“In populist democracies, such as the United States, the regulation of banking is used as a political tool to favor some parties over others. It is not that the dominant political coalition in charge of banking policy desires instability, per se, but rather, that it is willing to tolerate instability as the price for obtaining the benefits that it extracts from controlling banking regulation,” he writes in his paper.

Backing up their argument: Only six countries – including Canada — have been crisis-free and at the same time have banking systems that provide abundant credit. Three of these – Singapore, Malta and Hong Kong – are small, island-bound city-states where the homogeneity of the population makes it politically difficult to create losers. The other three – Canada, Australia and New Zealand – all share histories of liberal democracy.

Mr. Calomiris argues that in the U.S., a coalition that emerged in the 1990s of government, big banks and activist consumer groups came helped fuel the housing crisis. Regulatory changes opened the door to a wave of mergers and acquisitions that created today’s megabanks. But banks still had to get approval – usually from the Federal Reserve – to complete those mergers and outside groups were able to weigh in on the wisdom of the deal as part of the Fed’s decision-making process.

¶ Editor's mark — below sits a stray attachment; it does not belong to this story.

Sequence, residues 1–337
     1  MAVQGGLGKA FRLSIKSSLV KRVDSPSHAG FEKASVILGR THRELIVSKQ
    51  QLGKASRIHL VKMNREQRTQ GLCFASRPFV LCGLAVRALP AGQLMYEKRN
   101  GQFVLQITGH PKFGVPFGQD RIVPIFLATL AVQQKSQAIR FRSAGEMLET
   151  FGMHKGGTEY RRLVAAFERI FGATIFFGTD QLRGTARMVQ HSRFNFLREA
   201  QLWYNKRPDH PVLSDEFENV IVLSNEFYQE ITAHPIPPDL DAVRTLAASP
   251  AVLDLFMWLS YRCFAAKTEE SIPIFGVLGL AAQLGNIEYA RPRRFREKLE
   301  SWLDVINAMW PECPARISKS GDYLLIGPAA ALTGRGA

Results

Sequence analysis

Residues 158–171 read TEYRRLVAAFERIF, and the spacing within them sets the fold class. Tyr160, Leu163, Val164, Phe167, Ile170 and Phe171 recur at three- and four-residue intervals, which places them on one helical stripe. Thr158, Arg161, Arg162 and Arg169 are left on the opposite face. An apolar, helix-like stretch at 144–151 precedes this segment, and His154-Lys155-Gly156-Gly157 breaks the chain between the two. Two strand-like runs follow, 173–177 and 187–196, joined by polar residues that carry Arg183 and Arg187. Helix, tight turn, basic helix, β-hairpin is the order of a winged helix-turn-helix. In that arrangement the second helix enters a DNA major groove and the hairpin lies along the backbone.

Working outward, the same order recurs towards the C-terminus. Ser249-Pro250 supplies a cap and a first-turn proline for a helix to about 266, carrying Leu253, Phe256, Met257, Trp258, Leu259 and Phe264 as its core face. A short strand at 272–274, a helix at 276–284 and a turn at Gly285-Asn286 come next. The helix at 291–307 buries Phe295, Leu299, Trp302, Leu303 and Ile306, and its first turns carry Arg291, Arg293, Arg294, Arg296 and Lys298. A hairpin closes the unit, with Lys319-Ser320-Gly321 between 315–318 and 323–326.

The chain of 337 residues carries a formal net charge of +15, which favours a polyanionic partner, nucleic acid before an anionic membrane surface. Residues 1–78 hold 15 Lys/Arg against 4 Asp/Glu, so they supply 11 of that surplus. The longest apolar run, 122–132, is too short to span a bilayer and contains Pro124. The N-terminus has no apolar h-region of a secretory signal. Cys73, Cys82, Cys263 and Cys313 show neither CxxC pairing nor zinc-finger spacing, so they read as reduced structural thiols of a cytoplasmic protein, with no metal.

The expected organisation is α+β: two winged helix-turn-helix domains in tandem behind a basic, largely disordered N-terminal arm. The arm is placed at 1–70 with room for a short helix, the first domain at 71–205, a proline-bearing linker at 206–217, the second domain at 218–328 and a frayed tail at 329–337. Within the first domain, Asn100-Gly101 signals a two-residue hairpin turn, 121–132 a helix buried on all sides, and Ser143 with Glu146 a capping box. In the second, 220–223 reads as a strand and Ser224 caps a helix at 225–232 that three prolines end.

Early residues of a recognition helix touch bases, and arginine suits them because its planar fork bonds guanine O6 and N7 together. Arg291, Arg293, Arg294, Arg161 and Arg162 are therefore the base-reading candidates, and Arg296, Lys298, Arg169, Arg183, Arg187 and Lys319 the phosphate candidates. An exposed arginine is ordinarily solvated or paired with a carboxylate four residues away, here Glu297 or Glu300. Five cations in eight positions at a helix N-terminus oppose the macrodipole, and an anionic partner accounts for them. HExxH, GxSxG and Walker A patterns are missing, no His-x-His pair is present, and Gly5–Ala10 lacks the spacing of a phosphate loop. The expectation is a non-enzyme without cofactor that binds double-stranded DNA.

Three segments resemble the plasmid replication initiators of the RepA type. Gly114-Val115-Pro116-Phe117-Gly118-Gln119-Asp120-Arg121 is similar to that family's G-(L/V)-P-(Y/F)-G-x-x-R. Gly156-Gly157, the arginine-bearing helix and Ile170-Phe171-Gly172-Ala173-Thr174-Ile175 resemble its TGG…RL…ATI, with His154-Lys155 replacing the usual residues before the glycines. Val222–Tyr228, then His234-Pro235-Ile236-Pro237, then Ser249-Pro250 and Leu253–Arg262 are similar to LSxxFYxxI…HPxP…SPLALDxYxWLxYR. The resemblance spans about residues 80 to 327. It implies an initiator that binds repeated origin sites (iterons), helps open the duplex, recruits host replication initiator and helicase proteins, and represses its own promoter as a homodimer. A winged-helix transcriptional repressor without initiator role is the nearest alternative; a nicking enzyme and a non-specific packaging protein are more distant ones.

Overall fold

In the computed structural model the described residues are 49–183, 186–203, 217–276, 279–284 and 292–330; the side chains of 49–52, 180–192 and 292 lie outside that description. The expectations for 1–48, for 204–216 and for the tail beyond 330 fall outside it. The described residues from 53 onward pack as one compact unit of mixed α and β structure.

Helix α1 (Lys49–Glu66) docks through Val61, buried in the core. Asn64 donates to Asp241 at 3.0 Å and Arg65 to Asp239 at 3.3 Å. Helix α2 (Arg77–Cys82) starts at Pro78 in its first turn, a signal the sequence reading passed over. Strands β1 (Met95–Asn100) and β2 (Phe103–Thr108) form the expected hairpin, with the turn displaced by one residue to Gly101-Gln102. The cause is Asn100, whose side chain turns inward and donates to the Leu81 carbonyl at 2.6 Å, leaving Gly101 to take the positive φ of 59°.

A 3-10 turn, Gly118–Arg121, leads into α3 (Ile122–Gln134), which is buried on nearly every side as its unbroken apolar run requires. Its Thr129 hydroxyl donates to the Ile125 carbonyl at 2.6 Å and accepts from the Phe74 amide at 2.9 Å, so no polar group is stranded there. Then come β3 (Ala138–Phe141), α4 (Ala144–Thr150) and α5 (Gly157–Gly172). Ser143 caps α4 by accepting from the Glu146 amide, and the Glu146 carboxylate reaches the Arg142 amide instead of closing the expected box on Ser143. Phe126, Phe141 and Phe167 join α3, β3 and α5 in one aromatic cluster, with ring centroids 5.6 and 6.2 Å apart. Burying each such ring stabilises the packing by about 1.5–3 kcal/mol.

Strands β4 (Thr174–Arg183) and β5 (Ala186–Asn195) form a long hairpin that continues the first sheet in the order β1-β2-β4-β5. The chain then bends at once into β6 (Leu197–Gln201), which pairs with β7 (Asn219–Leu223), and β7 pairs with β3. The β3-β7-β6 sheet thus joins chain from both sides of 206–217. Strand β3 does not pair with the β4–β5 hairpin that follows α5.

Community groups, with the Clinton administration’s encouragement, used the Fed’s approval process to extract binding concessions from banks to loosen underwriting standards for poor, urban communities – concessions to which the Fed agreed, Mr. Calomiris argues. The banks had to apply the looser standards to everyone. That helped fuel an explosion in poorly underwritten mortgages that contributed to the depth and severity of the housing crisis, he contends.

All in all, Mr. Calomiris’ theory is a bleak one for the ability of financial reform efforts to make much of a difference.